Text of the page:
Today is one of those jaw-unhingingly gorgeous days. Seventy-five and sunny with a breeze blowing off the river, I want to suck it and let the juice run down my neck. Women in thigh-grazing dresses. Men in shorts. Scrappy dogs tugging at leashes. Tourists clogging up bridges. High-rise residents sprawled in muddy grass. Old men in khaki vests and fishing boats.
Usually, for me, season changes carry with them a whiff of oblivion. Spring was for getting stoned in the bushes, baking in the sun. Later, it was for summer wheats, Bell’s with a slice of orange. My family moved to Phoenix when I was six years old and my mom used to call me outside to smell the orange blossoms. I inhaled, barefoot on the concrete, taking in the trees and the sight of flowers brushing a cinder block wall, and went back inside with itchy, bloodshot eyes. I was allergic.
I pass a dozen happy hours on the way to the train after work. Today, the windows are thrown open and I catch the sound of revelry and smell of hops. Some sober women are undone by the scent of red wine; for me, it is beer and belonging. My best drinking dream involves sipping an IPA on a porch full of friends drenched in the setting sun. It’s pure gold, and pure fantasy. I never sipped anything, and the day always turned dark. Also, I drank alone.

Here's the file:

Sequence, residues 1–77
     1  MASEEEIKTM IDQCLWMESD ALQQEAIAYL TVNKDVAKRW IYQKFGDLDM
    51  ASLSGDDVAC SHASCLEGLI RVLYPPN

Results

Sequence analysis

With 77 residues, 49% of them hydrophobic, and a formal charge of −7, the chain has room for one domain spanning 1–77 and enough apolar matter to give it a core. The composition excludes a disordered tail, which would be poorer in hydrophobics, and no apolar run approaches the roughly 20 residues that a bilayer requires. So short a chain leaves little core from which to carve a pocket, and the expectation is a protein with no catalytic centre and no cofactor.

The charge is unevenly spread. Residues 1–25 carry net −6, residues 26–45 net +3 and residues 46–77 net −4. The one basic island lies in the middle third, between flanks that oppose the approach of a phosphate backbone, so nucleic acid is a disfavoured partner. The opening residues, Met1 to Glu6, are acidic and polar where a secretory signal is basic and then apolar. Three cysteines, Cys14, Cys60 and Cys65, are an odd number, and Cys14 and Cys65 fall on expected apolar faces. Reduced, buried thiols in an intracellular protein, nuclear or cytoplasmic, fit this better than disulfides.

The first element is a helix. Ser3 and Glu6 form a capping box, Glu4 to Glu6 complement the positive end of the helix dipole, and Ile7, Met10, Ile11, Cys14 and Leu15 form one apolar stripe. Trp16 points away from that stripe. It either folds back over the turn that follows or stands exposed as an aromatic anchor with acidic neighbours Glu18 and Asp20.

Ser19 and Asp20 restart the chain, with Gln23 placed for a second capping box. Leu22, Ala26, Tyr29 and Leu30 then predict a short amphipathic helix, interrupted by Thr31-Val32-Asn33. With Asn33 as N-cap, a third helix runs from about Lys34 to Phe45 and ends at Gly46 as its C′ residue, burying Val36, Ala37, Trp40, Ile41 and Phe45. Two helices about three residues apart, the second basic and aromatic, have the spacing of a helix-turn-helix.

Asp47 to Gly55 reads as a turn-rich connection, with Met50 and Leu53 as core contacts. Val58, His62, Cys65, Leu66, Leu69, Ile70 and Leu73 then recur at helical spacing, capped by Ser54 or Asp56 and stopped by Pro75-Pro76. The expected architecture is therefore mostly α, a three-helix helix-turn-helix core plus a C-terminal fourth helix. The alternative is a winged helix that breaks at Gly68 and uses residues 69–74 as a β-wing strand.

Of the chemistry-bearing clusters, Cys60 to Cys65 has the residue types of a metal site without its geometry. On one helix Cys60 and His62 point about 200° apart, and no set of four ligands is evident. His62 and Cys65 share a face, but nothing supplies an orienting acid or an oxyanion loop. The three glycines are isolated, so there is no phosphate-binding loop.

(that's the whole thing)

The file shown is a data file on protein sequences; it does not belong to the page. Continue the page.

Today, I walk by eleven bars before I think to breathe in, hard, like I’m after a second-hand high. The beer smells so good. Better then orange blossoms. I turn my head, chance a glance at a tabletop of half empty glasses, and I keep walking. I’m not itchy anymore, but I know I’m allergic.
The day is so beautiful that during the lunch hour the riverwalk outside my building is lined with office workers, kicking off their shoes, thumbing the pages of a book, picking at a salad. My feet know better than my head where serenity lives, though, and they march me into the loop, under the elevated train tracks, and into the non-descript building that houses the AA central office. You can’t even see the water, let alone feel the breeze on your skin. I walk inside and make a beeline for the elevator that will take me to the third floor and the windowless meeting room. I grin and wave at the doorman.
“You know where you’re going, miss?”
“Yes. I really do.”